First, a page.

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Millennium Walk - January
January - Radcliffe Camera

Millennium Walk - August
August - Botanic Garden

Millennium Walk - September
September - Christchurch Meadows

Millennium Walk - December
December - Ship Street


On the first day of the new millennium, Café Reason put on black suits and took a 'butoh walk' into the centre of Oxford. This became the first in a series of monthly street improvisations to mark the millennium. It brought butoh to an unsuspecting public, provoking a range of reactions from surprise and bemusement to confusion and hostility, and sometimes even a desire to join in.

It saw us: riding buses, queuing, hanging off railings, knocking on doors, standing still in bustling streets, walking slowly, racing in circles, crawling, balancing, jumping in puddles, stopping traffic, and adorning and highlighting numerous historic Oxford buildings and sites.

Over the course of the seasons our costumes changed: a snowdrop for February, daffodils in March, spring posies for April, giant roses in June. In August we wore the bright orange of goldfish and lily flowers for our first performance at the Botanic Garden. As the year turned, there were dark, transparent plastic macs for a wet September, knitted ochres, oranges, and browns for October, eyeless balaclavas for November, and mysterious papier-mâché masks for the last day of the year - when it seemed we performed for an empty city.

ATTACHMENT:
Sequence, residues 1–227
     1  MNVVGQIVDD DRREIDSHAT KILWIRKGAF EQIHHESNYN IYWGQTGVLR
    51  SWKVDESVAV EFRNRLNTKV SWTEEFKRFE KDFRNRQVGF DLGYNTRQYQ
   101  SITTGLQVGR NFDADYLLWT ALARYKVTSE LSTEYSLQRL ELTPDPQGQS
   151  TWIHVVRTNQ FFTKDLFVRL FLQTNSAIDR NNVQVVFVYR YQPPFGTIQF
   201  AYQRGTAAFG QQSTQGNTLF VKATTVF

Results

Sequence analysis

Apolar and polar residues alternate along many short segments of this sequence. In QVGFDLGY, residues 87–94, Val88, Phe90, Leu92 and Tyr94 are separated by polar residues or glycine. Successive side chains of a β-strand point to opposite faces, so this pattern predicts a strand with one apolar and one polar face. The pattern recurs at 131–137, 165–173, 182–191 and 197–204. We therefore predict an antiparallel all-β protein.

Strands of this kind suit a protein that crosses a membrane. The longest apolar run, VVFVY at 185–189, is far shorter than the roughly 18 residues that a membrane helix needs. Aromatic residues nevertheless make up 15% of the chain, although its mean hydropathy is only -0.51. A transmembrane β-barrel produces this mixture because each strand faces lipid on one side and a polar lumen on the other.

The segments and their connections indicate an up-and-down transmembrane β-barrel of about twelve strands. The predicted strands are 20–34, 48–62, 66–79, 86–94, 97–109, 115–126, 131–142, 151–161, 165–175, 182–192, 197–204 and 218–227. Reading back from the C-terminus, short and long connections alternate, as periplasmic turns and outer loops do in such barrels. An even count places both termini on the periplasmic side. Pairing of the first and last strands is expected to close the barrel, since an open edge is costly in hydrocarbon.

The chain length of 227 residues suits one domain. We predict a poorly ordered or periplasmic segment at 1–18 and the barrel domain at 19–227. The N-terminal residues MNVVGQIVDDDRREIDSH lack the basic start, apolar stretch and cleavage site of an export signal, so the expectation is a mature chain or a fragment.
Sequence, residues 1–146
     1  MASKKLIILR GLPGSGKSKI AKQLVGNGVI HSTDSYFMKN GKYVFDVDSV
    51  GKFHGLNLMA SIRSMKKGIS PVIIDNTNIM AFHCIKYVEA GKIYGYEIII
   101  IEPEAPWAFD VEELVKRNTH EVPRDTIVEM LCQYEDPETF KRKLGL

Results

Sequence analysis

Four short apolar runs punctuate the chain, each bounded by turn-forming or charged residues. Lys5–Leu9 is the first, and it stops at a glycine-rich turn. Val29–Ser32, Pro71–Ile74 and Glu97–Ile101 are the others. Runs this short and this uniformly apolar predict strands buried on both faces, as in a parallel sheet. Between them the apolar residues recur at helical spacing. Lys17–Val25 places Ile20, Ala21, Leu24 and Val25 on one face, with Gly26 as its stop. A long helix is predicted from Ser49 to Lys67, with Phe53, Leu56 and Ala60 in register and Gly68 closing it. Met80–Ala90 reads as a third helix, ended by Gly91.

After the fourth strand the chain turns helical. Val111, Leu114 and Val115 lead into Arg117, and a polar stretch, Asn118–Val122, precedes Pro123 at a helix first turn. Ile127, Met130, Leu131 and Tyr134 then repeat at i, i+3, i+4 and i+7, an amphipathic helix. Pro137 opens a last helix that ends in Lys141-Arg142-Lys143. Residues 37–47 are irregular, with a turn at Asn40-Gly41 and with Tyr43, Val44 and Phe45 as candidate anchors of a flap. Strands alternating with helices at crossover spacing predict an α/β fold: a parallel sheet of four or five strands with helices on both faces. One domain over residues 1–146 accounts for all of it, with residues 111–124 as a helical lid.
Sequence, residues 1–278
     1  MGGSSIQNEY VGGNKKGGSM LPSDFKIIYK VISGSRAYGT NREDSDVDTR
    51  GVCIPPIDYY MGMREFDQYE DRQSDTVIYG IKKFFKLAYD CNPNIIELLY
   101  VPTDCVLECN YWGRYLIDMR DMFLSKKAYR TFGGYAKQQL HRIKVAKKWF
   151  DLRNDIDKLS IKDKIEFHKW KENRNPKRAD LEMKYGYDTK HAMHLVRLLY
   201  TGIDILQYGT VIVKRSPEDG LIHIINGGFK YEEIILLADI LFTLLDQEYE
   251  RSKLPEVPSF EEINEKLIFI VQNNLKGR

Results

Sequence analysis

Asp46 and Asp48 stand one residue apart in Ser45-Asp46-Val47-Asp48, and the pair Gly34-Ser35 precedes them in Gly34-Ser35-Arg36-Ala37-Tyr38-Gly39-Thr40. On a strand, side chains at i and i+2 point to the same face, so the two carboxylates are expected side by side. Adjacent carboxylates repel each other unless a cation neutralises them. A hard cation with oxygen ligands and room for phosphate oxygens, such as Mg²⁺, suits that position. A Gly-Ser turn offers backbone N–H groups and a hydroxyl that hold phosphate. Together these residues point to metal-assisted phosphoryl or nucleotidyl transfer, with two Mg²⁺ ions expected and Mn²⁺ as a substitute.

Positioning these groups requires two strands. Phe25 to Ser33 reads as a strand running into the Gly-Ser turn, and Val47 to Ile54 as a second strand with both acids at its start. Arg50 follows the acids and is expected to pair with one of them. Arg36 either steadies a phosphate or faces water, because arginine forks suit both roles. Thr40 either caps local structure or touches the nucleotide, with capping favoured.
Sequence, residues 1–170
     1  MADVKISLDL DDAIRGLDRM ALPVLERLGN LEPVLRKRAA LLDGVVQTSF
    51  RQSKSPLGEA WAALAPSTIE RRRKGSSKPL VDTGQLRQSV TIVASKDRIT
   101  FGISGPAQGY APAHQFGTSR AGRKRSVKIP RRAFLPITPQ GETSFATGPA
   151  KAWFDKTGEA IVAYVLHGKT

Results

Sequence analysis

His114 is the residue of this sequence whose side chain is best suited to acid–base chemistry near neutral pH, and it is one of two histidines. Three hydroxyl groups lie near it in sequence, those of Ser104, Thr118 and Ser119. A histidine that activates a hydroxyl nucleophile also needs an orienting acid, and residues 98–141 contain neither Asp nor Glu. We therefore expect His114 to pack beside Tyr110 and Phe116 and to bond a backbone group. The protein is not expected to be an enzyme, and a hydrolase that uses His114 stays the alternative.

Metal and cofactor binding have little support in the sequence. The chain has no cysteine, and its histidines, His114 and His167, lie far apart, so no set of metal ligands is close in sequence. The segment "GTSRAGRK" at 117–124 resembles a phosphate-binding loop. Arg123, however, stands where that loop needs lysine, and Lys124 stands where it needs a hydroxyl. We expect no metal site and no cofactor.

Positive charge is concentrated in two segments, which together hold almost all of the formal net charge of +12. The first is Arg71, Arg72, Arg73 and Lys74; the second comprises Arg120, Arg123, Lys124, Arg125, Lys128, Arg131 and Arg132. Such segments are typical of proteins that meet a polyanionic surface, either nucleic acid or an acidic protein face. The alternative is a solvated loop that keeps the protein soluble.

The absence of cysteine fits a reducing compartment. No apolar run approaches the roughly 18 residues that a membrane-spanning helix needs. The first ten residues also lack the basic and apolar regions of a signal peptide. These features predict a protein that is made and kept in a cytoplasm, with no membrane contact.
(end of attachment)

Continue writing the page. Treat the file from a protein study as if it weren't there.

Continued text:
Each walk was a response to the environment and to the moment and depended on a high level of group awareness and commitment. While the first few walks were strongly structured and quite formal, as the year progressed and the group's confidence and experience grew, the performances became freer. Although initiated and led by Ana as training through performance, the concept of the walks and the strength of the group meant that the project continued and developed after Ana left for Indonesia. The Millennium Walks expressed Café Reason's commitment to accessible (if sometimes baffling), non-theatre performance - (our 'guerrilla butoh'), and the belief that butoh makes visible the details of not only the dancing body but also the space around it; giving the opportunity to performers and audience to see and experience the everyday and familiar with fresh eyes and beings.

Ana Barbour